The second of a three-part series
As Ellen DeGeneris would say, “What’s wrong with these photos photos?” See anything odd about the photo to your left? That would be me clutching a pair of trekking poles! Anyone who knows me would think … OK, Carol …. trekking poles … probably not words that have ever been mentioned together in the same sentence. Yet, there is the incontrovertible truth!
Just how did this come about? On my most recent trip to Switzerland—one of my favorite countries in the world, by the way—the trip organizers subtly inserted “hiking in the Alps” into the itinerary. I had visions of a stroll through gently rolling hills with the Alps in the background, similar to hikes (all right, so maybe they weren’t quite hikes) that I had taken there in the past. The tipoff that I was in fantasy land came shortly after our guide (or, more aptly, savior), Martin, arrived to pick us up at our Interlaken hotel and asked, “Where is your gear?” Hmm … gear? Turns out Martin had told the organizers that we needed heavy jackets, the aforementioned poles, hiking boots, gloves, etc., but somehow we never got that message. (Truth be told, it’s not like we would have brought that with us from the States anyway.) What did we have? Raincoats and running shoes. That was it. My friend, who was traveling with me and who actually is an experienced hiker looked at me doubtfully saying, “This might not be for Carol.” But I”m still thinking, nice little walk for 2 ½ hours … no problem. Let’s go!
So, off we went to the Interlaken train station to begin the very scenic ascent up the Alps on the Jungrau Railways. Planning to hike is not de rigueur for taking this train, and is definitely a must-do. We stopped at intervals to change trains, pick up picnic supplies in the oh-so-cute town of Wengen (where the World Cup ski championships are held), and continue up to our drop-off point at Kleine Scheidegg. There we picked up the Eiger Trail, which runs along the foot of the famous Eiger North Wall (think Clint Eastwood in “The Eiger Sanction”) from the Eigergletscher station down to Alpiglen. Martin, still skeptical, asks one last time, “Are you sure you’re up for this?” By this time I”m having a few doubts, but pride overtook wimpiness (and if ever the saying “pride goeth before a fall” should have been heeded, this was it) and we headed off.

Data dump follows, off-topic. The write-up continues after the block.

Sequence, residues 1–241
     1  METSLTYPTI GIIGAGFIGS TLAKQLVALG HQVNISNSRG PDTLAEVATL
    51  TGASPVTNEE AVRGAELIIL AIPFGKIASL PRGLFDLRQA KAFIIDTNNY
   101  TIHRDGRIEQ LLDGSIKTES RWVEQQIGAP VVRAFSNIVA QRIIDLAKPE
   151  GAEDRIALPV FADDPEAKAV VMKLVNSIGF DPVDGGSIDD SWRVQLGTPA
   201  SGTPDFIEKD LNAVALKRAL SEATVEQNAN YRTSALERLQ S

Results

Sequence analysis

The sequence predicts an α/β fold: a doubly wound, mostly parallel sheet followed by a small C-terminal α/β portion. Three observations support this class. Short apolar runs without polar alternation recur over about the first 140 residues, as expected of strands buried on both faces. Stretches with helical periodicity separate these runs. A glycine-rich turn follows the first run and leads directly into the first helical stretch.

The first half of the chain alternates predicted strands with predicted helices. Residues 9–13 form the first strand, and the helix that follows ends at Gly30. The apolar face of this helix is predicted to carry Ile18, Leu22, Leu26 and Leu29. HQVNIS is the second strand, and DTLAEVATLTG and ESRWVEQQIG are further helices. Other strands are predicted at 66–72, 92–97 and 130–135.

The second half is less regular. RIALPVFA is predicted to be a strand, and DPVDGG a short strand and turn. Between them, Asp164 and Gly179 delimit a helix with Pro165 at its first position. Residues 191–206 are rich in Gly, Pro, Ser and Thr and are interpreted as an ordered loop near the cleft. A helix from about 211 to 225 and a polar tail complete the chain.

The good news should have been that other than a brief climb up, the rest of the hike was downhill. The bad news? Hiking downhill in running shoes on unpaved trails is no, pardon the expression, walk in the park. Fortunately, Martin, who was raised in Wengen and clambered down the trail as nimbly as a mountain goat, came equipped with an extra set of poles. He taught me how to use the poles and never left my side for the 3 ½ hours it took us to reach the bottom (complete with one fall that left me on my bottom!).
Am I proud of myself for having not thrown in the hiking poles and given up? Absolutely! (Of course, the only option was being airlifted off the mountain, so I didn’t have all that much of a choice.) Will you ever see another picture of me accompanied by any form of gear? That would be a resounding no. If you love to hike and are an experienced (and I do mean experienced) hiker, should you include this in your Swiss adventure? That goes without saying!
If You Go
Interlaken is the perfect base for an exploration of the Jungrau region of the Alps, and is well worth a visit even if you just stay put in town for a day or so. We stayed at the Hotel Interlaken,www.hotelinterlaken.ch and loved its sleek, contemporary rooms. A horse-drawn carriage ride was a great way to see the town and rest our weary legs. The horse and driver dropped us off right at the Restaurant Laterne, www.restaurant-laterne.ch for an authentic Swiss dinner. You know when the other diners are all locals that you’re in for a treat. Try the rosti (crispy potatoes) topped with grilled chicken. Delicious!
For information on the Jungfrau region, visit www.jungfrau.ch.
To read more about my adventures in Switzerland visit https://thehuntmagazine.com/events/2011/12/merveilleux/ or http://beta.thehuntmagazine.com/traveler/2011/12/the-bbs/